Development of an in vitro model of quail vasculogenesis [abstract]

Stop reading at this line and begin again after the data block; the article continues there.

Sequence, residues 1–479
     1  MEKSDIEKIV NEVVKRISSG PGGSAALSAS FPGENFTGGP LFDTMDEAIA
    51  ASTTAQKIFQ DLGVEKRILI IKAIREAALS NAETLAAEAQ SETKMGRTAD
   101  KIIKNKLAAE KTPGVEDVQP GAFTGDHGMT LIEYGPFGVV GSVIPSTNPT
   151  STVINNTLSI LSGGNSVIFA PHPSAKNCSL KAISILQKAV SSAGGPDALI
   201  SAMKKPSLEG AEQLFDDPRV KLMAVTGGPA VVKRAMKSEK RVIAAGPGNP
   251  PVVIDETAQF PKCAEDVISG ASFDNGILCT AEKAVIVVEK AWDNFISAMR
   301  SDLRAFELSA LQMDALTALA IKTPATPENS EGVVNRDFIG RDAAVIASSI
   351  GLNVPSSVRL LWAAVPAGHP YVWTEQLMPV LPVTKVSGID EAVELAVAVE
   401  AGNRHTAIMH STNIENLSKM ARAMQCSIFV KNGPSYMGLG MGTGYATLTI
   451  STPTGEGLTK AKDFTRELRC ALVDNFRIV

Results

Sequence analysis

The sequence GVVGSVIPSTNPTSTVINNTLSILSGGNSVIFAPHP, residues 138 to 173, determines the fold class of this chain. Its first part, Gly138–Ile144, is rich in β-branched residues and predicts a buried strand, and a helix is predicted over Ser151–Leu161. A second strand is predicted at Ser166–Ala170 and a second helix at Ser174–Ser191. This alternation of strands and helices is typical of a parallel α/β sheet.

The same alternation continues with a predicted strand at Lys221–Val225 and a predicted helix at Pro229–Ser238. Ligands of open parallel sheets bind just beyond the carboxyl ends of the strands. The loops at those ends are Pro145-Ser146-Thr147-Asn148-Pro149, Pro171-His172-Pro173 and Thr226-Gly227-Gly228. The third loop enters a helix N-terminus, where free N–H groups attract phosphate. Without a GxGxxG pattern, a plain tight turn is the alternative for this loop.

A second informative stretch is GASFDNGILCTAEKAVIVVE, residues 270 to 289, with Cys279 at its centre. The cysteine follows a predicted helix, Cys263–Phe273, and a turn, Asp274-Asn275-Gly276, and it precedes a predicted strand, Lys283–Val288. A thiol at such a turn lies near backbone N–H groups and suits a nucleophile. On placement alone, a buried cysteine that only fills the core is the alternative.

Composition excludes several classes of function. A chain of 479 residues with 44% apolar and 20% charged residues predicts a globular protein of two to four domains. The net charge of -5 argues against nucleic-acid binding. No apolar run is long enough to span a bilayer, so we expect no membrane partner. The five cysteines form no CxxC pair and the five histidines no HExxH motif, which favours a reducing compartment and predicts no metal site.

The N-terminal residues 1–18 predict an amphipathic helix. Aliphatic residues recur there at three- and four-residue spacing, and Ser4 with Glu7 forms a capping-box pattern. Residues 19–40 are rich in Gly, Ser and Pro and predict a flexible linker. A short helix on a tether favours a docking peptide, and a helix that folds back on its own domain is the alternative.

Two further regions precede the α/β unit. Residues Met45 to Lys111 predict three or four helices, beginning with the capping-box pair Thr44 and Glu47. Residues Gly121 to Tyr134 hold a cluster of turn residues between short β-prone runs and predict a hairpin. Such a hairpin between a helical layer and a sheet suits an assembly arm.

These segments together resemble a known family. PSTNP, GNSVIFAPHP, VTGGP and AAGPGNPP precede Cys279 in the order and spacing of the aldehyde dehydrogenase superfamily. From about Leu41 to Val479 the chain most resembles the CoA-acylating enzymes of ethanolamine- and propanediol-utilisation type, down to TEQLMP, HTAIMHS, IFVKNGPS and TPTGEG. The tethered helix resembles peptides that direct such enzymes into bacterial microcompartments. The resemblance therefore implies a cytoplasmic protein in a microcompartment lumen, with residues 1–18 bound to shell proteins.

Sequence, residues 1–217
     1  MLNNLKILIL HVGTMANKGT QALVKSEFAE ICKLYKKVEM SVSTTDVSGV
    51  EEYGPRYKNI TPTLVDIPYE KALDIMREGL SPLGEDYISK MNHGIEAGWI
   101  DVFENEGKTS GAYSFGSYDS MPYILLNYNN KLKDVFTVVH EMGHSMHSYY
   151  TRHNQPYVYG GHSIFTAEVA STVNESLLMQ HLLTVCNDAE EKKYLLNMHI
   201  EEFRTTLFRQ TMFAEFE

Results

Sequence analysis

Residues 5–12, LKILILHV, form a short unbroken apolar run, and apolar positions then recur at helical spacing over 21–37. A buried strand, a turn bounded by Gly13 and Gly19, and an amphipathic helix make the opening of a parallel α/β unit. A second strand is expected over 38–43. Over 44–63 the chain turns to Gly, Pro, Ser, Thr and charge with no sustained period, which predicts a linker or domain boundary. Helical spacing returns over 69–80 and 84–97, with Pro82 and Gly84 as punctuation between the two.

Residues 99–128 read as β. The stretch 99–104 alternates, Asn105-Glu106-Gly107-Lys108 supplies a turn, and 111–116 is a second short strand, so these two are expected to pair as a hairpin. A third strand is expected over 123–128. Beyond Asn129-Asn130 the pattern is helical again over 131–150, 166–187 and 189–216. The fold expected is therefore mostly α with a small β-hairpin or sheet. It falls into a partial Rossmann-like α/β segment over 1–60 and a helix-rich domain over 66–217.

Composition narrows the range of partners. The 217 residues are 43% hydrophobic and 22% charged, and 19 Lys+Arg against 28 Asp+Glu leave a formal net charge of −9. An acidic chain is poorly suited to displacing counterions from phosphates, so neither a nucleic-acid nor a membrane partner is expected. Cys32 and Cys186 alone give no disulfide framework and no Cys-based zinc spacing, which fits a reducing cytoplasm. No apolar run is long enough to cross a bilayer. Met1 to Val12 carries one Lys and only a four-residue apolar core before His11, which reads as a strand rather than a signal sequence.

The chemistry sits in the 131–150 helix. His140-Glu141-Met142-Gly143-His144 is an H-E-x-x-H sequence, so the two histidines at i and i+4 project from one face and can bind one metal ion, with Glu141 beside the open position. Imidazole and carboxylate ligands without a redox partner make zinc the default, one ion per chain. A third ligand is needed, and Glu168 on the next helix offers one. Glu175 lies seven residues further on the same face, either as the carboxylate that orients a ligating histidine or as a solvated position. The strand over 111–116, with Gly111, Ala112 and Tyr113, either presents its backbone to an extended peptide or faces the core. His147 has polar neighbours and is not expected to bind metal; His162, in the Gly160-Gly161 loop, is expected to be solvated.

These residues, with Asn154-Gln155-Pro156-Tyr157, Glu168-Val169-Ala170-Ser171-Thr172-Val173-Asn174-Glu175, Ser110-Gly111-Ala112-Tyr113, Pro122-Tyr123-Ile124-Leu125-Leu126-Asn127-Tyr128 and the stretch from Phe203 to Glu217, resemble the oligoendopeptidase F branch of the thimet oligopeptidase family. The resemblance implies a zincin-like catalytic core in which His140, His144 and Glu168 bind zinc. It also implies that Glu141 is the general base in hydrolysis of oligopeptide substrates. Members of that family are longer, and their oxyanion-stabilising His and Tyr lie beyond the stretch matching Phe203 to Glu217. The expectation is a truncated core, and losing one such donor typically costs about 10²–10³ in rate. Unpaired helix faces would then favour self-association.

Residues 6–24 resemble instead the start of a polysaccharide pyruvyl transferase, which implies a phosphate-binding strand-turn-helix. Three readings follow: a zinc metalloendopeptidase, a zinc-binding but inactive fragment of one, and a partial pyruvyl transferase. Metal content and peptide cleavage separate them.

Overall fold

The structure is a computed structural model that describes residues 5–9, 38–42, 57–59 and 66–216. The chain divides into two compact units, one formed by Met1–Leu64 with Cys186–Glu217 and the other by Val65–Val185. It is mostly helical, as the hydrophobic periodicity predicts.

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Blood supply to virtually all tissues depends on endothelial cells, which form the linings of blood vessels. Growth and formation of endothelial cells occurs in two ways. Vasculogenesis describes the initial proliferation and differentiation of early embryonic cells to form blood vessels. From there, additional growth and movement of endothelial cells from pre-existing blood vessels is referred to as angiogenesis. This project was designed to isolate primary quail endothelial cells from early embryos and to establish a three-dimensional system to study the ability of the cells to assemble into tube networks. The long-term goal of this study is to develop a new in vitro endothelial morphogenesis system where both in vitro and in vivo results can be directly correlated. First, we isolated the quail chorioallantoic membrane at embryonic day five and digested the tissue with a combination of collagenase and trypsin. We removed debris and then added the cell suspension to dishes in the presence of endothelial cell growth medium. We allowed the cell population to proliferate for about one week and after this time, cell suspensions were incubated on dishes coated with QH1 antibody, which recognizes a quail endothelial cell specific antigen. This allowed us to selectively capture the endothelial cells, as they adhere to the antibody-coated dish. We then grew them in culture for a period of time to expand them. After expansion of the cells, they were examined for expression of CD31 and QH1 to prove that they were strongly enriched for endothelial cells. Using these quail endothelial cells, we suspended them in three-dimensional collagen gels with a cytokine mixture and assayed for their ability to assemble into tubes. We show that this endothelial cell population is able to form tube networks, further suggesting their endothelial origin.